Telling new parents they need to take turns getting up with the baby, or that they should ask grandparents or friends to babysit when perhaps all they need is a nap, is sound advice that hopefully they will heed.

Encouraging the hospice patient’s wife to take a break every few days, and to get out of the house while the aide comes to bathe him, seems like a no brainer.

Yet what exactly can nurses do to replenish themselves? One of the most important things you can do is to give yourself credit and a thank you for the patients that you help each day. On your ride home after each shift, think about the patients for whom you made a difference today. Don’t dwell on the negatives.

You probably worked short handed, didn’t get a break and skipped your meal break to finish something. Maybe you had to leave something for the next shift to complete, or feel guilty for having to delegate so many tasks. You can’t change these things. You can try to be more productive tomorrow, but today is over. Dwell on what went right and let go of the rest.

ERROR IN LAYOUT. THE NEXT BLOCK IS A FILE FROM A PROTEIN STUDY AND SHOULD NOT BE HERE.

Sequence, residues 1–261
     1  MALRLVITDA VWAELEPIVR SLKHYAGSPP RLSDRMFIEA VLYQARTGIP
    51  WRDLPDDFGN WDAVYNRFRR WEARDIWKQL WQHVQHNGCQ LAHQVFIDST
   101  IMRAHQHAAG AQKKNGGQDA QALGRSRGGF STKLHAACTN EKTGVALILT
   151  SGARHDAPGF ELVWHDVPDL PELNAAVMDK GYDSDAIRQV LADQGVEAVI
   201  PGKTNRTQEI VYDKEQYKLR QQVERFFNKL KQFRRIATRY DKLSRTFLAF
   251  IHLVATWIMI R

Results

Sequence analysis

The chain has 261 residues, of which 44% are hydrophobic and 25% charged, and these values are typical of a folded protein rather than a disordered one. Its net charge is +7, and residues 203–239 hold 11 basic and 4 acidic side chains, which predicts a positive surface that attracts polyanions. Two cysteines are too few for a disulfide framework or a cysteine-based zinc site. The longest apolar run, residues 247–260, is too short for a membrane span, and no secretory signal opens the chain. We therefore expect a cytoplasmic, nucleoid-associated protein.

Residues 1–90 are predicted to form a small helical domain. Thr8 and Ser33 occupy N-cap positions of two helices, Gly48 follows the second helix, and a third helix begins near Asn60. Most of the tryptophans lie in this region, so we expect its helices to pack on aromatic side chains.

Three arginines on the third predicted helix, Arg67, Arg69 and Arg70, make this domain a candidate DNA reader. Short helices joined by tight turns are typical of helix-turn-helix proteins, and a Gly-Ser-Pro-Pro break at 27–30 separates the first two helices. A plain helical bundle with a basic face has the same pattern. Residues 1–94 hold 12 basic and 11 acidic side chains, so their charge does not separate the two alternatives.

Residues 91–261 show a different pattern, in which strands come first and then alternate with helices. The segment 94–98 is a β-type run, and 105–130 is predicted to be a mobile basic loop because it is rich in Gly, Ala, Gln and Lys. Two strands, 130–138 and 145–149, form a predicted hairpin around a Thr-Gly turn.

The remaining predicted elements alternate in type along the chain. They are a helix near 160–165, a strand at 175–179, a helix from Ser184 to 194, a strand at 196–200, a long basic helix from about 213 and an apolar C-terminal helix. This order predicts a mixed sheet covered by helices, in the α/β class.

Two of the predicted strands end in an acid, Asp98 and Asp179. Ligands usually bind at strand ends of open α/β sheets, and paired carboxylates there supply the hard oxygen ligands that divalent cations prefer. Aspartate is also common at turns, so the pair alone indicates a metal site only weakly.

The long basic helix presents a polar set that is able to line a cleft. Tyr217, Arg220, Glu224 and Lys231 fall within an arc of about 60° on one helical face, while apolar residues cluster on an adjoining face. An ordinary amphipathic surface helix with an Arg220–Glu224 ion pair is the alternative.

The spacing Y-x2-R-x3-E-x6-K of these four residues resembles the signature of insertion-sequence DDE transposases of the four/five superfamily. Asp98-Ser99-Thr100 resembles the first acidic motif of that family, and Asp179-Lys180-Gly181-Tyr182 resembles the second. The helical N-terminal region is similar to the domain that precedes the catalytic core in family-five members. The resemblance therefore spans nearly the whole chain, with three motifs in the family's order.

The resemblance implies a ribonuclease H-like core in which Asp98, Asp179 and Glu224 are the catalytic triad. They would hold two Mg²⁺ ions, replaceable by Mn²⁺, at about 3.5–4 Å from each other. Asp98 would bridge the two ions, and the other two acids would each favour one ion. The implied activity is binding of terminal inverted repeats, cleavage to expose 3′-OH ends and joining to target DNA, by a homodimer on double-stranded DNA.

Next, think about the things you enjoy doing such as reading a good book, having a massage, sitting at your favorite coffee house people watching. Maybe going to the movies with your significant other relaxes you, or having a nice dinner out with a glass of good wine. Playing a round of golf or a good racquetball match with a friend, or shooting some hoops with your son or daughter.

Indulge yourself in the things you enjoy. Hire a babysitter or ask a family member to stay with your children for a couple of hours. Find some time on a regular basis to do something for you. You may have to make a few changes occasionally to accommodate your friends or family, but don’t neglect to reschedule your time.

Don’t be put off by a bad economy. Build a small savings by putting your loose change in a jar and after a couple of weeks see how much you have saved. Go to a matinée movie when the tickets are cheaper. Look for coupons for savings on meals. Buy your own wine and enjoy it at home with some music rather than going out.

You need to put yourself first and remind yourself you are worth it! If you don’t take care of you, you will not have the physical or emotional strength to continue to give.

If you are truly unhappy with your work situation, make a change!

Are you burned out nurses? Do you have any advice for those who are? Please leave a comment below or share your advice and experiences in the Decompression Room!